As a general rule, FAR part 15 procedures do not govern task and delivery order competitions conducted under FAR part 16. We will review such task order competitions to ensure that the competition is conducted in accordance with the solicitation and applicable procurement laws and regulations. Bay Area Travel, Inc. et al., B-400442 et al., Nov. 5, 2008, 2009 CPD para. 65 at 9, n.13; Triple Canopy, Inc., B'310566.4, Oct. 30, 2008, 2008 CPD para. 207 at 7. Where, as here, the agency's evaluation record expressly provides that the agency conducted discussions in accordance with FAR part 15, we will evaluate the agency's adherence to those regulations in evaluating this aspect of the evaluation. See Allied Tech. Group, Inc., B'402135.2, Jan. 21, 2010, 2010 CPD para. 152 at 5 n.8 (applying similar analysis in Federal Supply Schedule competition); The Analysis Group, LLC, B'401726, B'401726.2, Nov. 13, 2009, 2009 CPD para. 237 at 2 n.1 (same). As discussed below, even applying the requirements of FAR part 15 to the evaluation of discussions here, the protester has not demonstrated that the discussions were unreasonable or unfair.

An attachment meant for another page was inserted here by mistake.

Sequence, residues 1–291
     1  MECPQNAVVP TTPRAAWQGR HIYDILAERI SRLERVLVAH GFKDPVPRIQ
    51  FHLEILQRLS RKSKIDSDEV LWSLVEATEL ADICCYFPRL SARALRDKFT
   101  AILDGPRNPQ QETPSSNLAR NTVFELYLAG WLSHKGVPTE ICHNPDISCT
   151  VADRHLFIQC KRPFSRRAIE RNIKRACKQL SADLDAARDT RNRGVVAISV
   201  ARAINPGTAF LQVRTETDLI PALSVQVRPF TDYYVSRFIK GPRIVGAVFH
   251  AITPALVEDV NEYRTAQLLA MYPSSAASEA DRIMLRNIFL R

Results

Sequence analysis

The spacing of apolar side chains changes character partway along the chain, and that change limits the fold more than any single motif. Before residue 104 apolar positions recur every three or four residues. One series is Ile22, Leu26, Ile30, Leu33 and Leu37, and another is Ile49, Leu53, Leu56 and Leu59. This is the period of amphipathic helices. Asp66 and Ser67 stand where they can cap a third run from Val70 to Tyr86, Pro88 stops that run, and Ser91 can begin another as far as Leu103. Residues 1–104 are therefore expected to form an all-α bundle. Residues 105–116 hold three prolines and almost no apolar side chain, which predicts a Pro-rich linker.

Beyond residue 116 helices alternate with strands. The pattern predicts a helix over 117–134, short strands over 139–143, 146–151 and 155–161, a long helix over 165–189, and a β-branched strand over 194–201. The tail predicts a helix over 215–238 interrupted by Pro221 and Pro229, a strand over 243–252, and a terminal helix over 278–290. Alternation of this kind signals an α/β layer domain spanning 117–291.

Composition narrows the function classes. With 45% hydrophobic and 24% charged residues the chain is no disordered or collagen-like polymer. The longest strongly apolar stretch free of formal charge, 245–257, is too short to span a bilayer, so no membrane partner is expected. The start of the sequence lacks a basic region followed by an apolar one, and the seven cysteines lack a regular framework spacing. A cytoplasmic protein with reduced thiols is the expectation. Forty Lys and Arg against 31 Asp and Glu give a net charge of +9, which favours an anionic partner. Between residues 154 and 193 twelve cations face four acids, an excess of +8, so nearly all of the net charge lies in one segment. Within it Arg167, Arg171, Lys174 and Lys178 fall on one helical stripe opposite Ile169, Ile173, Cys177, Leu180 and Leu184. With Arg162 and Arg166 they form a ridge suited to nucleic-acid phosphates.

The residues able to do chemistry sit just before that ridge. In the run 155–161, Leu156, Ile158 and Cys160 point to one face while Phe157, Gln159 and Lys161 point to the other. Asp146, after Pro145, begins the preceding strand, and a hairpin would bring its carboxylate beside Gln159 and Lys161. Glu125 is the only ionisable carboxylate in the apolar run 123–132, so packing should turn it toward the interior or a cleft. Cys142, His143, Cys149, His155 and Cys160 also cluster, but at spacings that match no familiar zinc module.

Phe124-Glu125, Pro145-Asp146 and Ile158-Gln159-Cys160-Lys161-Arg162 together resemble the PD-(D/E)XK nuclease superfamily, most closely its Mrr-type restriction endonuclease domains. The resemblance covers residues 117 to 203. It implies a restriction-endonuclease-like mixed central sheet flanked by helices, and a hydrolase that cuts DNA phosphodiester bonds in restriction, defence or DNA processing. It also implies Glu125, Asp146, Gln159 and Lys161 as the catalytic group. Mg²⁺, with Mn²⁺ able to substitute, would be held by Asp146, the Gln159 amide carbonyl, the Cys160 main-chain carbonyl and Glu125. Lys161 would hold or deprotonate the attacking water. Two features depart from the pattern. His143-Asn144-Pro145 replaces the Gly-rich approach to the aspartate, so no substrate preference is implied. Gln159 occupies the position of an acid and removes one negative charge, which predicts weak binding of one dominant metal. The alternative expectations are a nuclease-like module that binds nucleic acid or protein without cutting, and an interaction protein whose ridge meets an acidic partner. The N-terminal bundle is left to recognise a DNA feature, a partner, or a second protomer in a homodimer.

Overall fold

When conducting discussions pursuant to FAR part 15, contracting officers are required to raise with each offeror proposal deficiencies and significant weaknesses; contracting officers are also "encouraged to discuss other aspects of the offeror's proposal that could, in the opinion of the contracting officer, be altered or explained to enhance materially the proposal's potential for award." FAR sect. 15.306(d)(3). Although discussions may not be conducted in a manner that favors one offeror over another, discussions need not be identical among offerors; rather, discussions are to be tailored to each offeror's proposal. FAR sections 15.306(d)(1), (e)(1); see M. Matt Durand, LLC, B-401793, Nov. 23, 2009, 2009 CPD para. 241 at 5.